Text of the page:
“Well, I’ve said it before and I am glad to be able to say it directly to one of the moms, we don’t know why this happened, and we feel so desperately sorry for you. We didn’t want our son to do these things. We have two beautiful daughters of our own and we know how we would feel. I am sorry,” Louise told Winters in a clip played in the docu-series.

Winters responded by saying, “I know you are, and we don’t hold any resentment or hatred towards you or your family.”

More than 30 years later, Winters said she opted to show Louise compassion because she understood that she had lost a child too.

“It was just two mothers that had lost a child,” she said. “She didn’t have to apologize. She didn’t do this. Her son was sick.”

Trish Wood, producer and director of “Ted Bundy: Falling For a Killer” called Winters a “spiritual giant” for “reaching out in the deepest, and most moving and loving sense of human compassion” to Louise.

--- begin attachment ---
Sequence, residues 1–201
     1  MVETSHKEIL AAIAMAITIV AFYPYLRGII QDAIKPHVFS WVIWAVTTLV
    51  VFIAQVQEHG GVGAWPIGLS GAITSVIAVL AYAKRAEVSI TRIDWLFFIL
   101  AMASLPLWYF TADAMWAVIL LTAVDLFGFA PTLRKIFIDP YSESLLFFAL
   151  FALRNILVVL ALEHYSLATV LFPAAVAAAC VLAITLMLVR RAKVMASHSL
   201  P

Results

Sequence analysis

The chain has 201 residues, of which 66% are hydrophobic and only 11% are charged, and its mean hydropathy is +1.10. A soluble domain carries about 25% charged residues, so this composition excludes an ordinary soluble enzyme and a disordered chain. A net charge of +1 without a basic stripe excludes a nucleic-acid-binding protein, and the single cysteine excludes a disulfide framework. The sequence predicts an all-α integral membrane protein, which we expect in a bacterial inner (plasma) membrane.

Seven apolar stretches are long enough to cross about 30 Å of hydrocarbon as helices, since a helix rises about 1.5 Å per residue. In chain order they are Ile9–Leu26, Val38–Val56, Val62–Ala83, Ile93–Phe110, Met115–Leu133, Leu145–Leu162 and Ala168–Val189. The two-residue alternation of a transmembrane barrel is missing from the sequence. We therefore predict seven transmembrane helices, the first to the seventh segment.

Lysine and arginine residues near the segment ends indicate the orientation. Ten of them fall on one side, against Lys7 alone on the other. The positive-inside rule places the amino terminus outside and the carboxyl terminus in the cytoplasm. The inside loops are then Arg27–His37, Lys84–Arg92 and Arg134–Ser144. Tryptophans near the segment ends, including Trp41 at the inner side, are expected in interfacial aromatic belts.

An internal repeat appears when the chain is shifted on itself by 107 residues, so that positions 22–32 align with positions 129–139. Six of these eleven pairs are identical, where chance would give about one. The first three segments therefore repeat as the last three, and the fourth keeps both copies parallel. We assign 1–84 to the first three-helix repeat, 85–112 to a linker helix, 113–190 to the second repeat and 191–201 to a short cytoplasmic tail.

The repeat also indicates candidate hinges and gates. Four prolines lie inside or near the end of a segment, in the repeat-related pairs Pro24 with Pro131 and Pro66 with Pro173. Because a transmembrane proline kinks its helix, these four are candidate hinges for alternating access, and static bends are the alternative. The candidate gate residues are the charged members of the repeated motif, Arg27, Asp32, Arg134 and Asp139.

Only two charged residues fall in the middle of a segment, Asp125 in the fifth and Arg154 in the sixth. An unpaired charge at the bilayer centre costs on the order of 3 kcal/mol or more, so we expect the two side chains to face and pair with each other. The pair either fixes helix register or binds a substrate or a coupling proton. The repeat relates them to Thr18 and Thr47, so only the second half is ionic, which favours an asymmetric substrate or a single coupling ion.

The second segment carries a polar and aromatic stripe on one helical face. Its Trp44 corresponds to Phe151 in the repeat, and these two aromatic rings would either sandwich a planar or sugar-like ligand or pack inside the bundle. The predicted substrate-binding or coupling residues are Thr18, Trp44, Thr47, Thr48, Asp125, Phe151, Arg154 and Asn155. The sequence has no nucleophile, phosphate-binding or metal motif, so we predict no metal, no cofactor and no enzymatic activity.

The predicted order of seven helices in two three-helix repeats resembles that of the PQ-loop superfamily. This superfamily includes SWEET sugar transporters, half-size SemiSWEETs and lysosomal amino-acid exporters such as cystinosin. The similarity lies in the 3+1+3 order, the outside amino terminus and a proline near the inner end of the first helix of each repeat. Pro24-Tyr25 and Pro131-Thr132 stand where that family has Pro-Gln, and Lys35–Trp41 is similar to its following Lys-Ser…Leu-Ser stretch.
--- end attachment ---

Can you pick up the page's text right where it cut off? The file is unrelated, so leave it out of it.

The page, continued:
“While we were talking about the death penalty being carried out, she and her daughter, who was Susan’s sister, started crying for Ted Bundy even, which I thought was really interesting and really kind of spiritually evolved,” Wood told Oxygen.com.

The women said in the docu-series that while they understood Bundy needed to be stopped, the execution was still difficult and represented just another life lost.

“You know, there’s always a flip side isn’t there,” Zimmerman said in the series. “There’s another mother. Another family and the death penalty is controversial in our hearts.”

Zimmerman admits the men in her family didn’t feel the way the women did about Bundy and said her father wanted to “slash his balls off.”

But the women in Rancourt’s family found a way during the nightmare to offer compassion to his family despite their hatred of what Bundy did, Wood said.

“I am not sure that they’ve forgiven him, but I think they feel that if you’re against the death penalty, you have to be against it even for the guy who killed your daughter and your sister if you are going to be consistent morally, and that takes a lot of thought and a deep human compassion that we rarely see,” Wood said.